By John Rice
January 28, 2017

As America transitions to a new administration, there is mounting fear that Trump’s policies will put the American Dream even further out of reach for blacks, Hispanics, Asians, and other minorities who will soon be more than 50% of the U.S. population.

But as those we celebrate during Black History Month—Rosa Parks, Thurgood Marshall, Martin Luther King, and so many others—have taught us, in the face of great adversity, we stand up and we get to work.

We must invest in our young high achievers of color—those who overcome tremendous obstacles to get to college and aspire to help others to follow in their footsteps. Developing these graduates into high-impact job creators, social entrepreneurs, political leaders, and philanthropists should be an obvious priority if we want to reduce inequality, improve social justice, and provide all young people with confidence that they can live happy, long lives.

Historically, the vast majority of philanthropic dollars and policy prescriptions relating to minority youth have focused on minimizing bad outcomes, like incarceration and dropping out of high school. Of course we must attack the drivers of bad outcomes more aggressively, but when virtually no one is talking about maximizing the best outcomes, it means we are perpetuating what George W. Bush called the “soft bigotry of low expectations.”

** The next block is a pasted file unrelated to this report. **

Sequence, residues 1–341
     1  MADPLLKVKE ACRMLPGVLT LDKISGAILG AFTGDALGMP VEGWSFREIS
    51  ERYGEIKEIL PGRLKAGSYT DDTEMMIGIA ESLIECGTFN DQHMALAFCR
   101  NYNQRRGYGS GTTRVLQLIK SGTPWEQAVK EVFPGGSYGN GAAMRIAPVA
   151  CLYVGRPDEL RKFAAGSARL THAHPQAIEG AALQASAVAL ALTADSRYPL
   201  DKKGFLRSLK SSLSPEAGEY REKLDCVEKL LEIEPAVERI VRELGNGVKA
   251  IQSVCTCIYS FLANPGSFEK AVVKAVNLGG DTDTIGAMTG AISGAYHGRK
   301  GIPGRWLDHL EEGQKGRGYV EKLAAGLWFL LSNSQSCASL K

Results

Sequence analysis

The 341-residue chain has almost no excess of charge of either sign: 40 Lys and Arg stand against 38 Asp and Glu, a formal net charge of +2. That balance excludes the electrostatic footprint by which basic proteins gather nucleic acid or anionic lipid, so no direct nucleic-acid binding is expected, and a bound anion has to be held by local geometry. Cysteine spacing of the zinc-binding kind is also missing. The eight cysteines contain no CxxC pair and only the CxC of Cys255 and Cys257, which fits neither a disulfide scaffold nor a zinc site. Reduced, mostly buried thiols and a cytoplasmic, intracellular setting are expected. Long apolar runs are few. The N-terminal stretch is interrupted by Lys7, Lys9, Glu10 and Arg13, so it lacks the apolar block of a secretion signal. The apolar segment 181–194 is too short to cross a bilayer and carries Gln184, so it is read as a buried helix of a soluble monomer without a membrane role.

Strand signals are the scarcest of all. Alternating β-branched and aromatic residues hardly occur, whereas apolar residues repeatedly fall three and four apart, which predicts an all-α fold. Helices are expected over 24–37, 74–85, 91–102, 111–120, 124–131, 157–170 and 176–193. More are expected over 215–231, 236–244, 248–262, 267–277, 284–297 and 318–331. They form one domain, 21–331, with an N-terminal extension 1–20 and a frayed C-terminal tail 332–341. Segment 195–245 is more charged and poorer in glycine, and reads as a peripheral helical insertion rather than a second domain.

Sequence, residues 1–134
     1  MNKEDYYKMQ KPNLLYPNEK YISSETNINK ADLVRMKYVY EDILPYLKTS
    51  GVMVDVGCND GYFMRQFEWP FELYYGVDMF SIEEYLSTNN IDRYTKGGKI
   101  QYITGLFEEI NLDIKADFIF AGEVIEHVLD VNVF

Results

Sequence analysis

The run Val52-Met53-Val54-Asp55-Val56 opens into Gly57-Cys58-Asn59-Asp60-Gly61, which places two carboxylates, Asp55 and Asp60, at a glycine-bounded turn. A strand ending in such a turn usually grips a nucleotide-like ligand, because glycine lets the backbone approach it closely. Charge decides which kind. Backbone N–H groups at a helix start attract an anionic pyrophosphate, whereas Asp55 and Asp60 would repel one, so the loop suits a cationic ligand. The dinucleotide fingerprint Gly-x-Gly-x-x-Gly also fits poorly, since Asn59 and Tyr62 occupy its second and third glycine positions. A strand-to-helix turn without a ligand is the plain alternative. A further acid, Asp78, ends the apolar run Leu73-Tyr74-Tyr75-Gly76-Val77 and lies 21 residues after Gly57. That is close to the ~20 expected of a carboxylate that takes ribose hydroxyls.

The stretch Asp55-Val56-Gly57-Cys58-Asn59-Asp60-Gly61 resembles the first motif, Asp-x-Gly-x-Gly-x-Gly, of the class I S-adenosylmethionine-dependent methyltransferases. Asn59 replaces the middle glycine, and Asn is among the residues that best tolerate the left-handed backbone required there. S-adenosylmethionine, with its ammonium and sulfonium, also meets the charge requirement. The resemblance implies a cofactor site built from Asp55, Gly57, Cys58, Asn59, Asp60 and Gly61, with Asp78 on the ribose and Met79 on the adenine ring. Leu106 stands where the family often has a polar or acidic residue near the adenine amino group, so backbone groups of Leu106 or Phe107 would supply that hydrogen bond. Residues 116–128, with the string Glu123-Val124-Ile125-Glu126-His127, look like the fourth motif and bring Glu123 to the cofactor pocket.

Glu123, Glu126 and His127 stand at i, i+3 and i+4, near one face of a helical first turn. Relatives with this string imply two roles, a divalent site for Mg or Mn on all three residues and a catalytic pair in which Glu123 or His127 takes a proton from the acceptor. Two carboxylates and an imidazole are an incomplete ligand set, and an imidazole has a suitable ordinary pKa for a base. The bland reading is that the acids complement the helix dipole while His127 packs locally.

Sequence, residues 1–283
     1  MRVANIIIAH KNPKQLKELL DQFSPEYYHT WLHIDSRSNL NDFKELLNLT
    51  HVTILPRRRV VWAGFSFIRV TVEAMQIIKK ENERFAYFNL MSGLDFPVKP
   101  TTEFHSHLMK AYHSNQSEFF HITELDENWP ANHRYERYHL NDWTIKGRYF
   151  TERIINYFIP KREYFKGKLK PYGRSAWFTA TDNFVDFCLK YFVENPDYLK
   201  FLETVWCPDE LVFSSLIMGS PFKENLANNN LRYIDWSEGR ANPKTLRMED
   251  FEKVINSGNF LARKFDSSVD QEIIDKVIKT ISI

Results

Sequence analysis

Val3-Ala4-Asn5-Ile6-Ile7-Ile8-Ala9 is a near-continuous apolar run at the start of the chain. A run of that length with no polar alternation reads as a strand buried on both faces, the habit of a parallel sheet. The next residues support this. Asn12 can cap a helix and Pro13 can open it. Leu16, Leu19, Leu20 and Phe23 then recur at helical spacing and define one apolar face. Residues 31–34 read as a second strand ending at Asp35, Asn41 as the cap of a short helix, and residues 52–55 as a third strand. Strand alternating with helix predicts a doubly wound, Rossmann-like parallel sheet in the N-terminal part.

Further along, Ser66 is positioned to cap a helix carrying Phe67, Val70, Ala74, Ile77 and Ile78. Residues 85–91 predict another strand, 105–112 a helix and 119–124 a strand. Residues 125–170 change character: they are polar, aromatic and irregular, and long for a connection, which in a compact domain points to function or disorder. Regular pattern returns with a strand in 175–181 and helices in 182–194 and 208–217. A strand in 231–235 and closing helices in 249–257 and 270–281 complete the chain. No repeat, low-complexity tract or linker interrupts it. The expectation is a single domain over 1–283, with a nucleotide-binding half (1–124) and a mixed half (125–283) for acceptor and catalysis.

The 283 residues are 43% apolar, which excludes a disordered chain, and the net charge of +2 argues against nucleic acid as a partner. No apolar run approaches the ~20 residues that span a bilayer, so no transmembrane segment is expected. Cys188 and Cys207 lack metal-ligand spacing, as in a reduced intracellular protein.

We declare victory when a lower income kid lands a stable job or gets a college degree. He is deemed “okay” because he is likely to avoid the bad outcomes presumably befalling many of his peers. Additional trajectory beyond “okay” is considered completely under his control.

There are many reasons this line of thinking is troublesome. Foremost is that the same people declaring victory are setting a very different standard for “okay” when it comes to their own children.

These individuals double down on their own kids when they land in college and at every stage after that, leaning on friends for fast-tracking early career jobs and insider recommendations for graduate school admissions, connecting them to mentors, and so on. (For the complete list, look at what Donald Trump has done for his own kids.)

As they know perfectly well, graduating from college is not the end goal—it’s a jumping-off point. To that end, we do a great disservice to our country when we declare “mission accomplished” when a minority kid gets a degree.

The story of Raquel Hardy, profiled on NPR’s This American Life, illustrates the problem. After attending a South Bronx public high school in the poorest congressional district in the U.S., Hardy earned a scholarship to Bard (a top-50 liberal arts college), graduated with a strong academic record, and later landed a job at a secondary school not far from where she grew up.

On the surface, Hardy is the success story that philanthropists say demonstrates the power of a college education in plucking young people from the fringes of poverty. But this declaration of victory is premature.